6 May 2004
How high the wall?
[W]ho gets to decide what is classical and what isn't?
[W]ho will be the great composers of the future and who will be the also-rans?
On the second question, at least, she's made up her mind: it will be the verdict of history that determines future entries to the Pantheon. And certainly she's right, although one inevitable side-effect will be the eventual neglect of composers who just missed the cut, which is unfortunate but probably unavoidable, and we won't always have Karl Haas to dig up "Rare and Well-Done" works for us.
But that still leaves the first question unanswered: by whose authority does a musical work become worthy of consideration for admission to the Basic Repertoire? What process weeds out pieces A and B in favor of C? In this era, the music that sounds most "classical" is film music, but clearly not everything that makes it into a motion-picture soundtrack isn't classical.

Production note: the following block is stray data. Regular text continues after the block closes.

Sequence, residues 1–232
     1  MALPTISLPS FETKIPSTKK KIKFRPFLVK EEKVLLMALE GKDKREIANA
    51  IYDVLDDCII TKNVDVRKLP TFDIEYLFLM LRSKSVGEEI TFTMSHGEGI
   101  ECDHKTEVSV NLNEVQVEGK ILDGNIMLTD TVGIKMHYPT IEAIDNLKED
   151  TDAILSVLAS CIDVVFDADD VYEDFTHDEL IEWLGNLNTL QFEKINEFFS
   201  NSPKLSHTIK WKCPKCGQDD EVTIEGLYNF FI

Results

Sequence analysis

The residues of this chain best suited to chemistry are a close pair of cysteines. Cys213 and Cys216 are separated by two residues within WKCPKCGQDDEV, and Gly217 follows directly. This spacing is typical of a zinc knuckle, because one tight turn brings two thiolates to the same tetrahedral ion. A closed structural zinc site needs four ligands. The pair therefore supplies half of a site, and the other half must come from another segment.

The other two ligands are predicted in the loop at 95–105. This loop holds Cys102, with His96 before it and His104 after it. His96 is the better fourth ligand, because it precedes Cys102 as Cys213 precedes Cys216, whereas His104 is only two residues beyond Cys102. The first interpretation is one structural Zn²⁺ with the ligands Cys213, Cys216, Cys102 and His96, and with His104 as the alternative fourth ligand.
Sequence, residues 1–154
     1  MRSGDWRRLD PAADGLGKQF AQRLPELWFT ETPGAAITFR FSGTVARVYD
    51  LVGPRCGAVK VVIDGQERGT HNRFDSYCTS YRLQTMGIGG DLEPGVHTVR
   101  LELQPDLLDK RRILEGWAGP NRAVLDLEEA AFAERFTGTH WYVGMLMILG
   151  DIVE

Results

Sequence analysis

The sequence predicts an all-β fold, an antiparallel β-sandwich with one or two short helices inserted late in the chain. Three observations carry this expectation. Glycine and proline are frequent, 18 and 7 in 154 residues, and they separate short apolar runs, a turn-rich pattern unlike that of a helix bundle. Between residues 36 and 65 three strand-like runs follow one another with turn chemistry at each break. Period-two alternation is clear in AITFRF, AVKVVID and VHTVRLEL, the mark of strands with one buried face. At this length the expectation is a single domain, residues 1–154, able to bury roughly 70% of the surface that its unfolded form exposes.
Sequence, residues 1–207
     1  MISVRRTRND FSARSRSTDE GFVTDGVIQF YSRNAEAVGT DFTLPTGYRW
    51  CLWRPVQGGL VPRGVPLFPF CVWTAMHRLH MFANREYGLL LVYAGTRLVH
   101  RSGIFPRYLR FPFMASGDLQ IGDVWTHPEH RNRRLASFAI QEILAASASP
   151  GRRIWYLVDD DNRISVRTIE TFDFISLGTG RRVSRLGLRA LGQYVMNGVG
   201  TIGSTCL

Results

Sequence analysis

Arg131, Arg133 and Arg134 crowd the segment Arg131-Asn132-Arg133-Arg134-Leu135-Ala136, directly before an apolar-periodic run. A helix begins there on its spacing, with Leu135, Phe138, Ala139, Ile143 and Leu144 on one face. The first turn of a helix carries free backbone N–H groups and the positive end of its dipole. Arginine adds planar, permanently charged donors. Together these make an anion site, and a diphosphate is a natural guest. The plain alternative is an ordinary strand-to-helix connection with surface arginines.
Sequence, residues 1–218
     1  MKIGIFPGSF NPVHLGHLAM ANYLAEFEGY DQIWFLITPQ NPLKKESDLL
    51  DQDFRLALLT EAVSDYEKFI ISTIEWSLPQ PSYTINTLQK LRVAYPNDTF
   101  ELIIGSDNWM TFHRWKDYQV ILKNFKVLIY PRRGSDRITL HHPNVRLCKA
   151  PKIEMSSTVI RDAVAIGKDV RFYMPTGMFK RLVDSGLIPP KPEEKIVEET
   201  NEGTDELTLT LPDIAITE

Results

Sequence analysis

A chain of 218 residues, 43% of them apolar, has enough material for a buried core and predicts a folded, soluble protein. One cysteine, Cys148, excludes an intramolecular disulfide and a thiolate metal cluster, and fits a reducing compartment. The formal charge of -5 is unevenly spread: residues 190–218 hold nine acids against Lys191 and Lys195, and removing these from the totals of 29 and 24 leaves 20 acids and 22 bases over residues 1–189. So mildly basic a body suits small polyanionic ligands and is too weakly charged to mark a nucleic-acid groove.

That leaves the field open to gatekeepers, with, says Lynn, mixed results:
An academic elite has assumed the role of preserving quality and tradition. This is good. But has this elite gone too far? It's one thing to protect an ancient and living tradition from the ravages of pop culture but quite another to lock it in an ivory tower so high and remote that few dare approach if they even know it exists at all.
She dismisses "trash classical" like Bach for Dummies, which fits with the premise of avoiding contact with that horrid pop stuff. Here I demur. Even if it's pitched at "dummies," it's still Bach and can still be appreciated by someone who knows the name of Schmieder's catalog. I'm not worried that the classical "market," as it were, is going to be overrun by barbarians: classical music will always be a minority taste. But there's no reason it shouldn't be a minority of, say, twenty percent, instead of two or three.